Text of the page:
Related to, but divergent from, the issue of national diversity is the issue of diversity in Digital Humanities more generally. Brought to attention in a number of presentations but especially that of Amy Earhart (see the video), I was troubled by the definition of what constituted/constitutes diversity and where those methodologies, pedagogies, and theories seemed to have disappeared to. With clear exception of Earhart and a handful of others, it seemed diversity beyond nationality was a gesture in name only (read: I’ve included women within my data, or women are part of the project, or this project concerns nationality X). There was extraordinarily little attention to diversity as construction, where race, class, ability, sexuality, and on modify, constrain, construct, and influence the data, methodology, pedagogy, theory, and research practices within digital humanities. I am reminded of a friend who, in a discussion of metholodogical developments in my own dissertation work on early 20th century white middle-class male production of Native American masculinity through halftime mascotry/performance, once remarked to me about a thesis I’d written: “all of the work you’ve done is great, but you’ve missed the obvious point: until you address the white, the middle-class, the male, the production, the masculinity, the identity politics, AND the performance aspects that exclude others from those categories and sources/data, you haven’t done a responsible analysis.” Put more simply, a responsible humanistic analysis recognizes divergent data, theory, methodology, pedagogy and practice. As a historian, I’m not permitted to gesture at subaltern theorists, outlying sources, or isolationist research practice just because I am focused on achieving a methodological goal. I must instead confront, rectify, and engage with these things or else leave myself open to critique. Just because we discuss the technical methodologies more blantently and frequently within our gathering and focus on our products, does not mean we should discard our obligations as humanists: to produce sound scholarly inquiries that answer humanities questions.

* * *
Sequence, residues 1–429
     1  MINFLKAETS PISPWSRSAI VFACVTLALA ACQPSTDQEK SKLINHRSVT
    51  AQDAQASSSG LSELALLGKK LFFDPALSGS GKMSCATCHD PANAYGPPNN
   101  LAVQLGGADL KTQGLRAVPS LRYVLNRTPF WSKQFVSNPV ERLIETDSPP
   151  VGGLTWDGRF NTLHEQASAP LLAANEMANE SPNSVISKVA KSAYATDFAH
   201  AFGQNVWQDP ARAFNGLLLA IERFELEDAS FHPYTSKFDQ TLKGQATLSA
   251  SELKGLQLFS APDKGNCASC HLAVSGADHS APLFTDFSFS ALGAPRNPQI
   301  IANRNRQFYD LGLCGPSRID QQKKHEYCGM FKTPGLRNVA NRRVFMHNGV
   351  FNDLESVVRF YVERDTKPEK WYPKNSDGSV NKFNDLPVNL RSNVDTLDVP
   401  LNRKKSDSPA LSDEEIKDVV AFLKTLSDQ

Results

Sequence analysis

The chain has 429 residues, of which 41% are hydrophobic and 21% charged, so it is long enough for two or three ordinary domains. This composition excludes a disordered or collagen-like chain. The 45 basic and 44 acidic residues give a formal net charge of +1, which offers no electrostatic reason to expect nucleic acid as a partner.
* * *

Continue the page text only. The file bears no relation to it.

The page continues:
I don’t mean to suggest that there are not shining examples of projects, individuals, and institutions that are confronting these issues…but until exchange between digital humanists addresses not just the digital methodological questions but also the humanistic methodological questions, I fear we will continue to suffer from stymied efforts to address diversity in meaningful ways. I find myself wanting to shout: Where my Cultural Theorists At?
I lay no blame for this on the program committee, nor the professional organization as a whole, but instead suggest that it is our obligation as individual scholars to recruit the attendance and presentation of promising scholars from fields that offer potential to transform digital humanities. In my conference-addled brain, I hope for a digital humanities future where we see the emergence of scholars who can easily merge method, theory, and practice in meaningful ways that truly interrogate our assumptions, dependencies, and conclusions.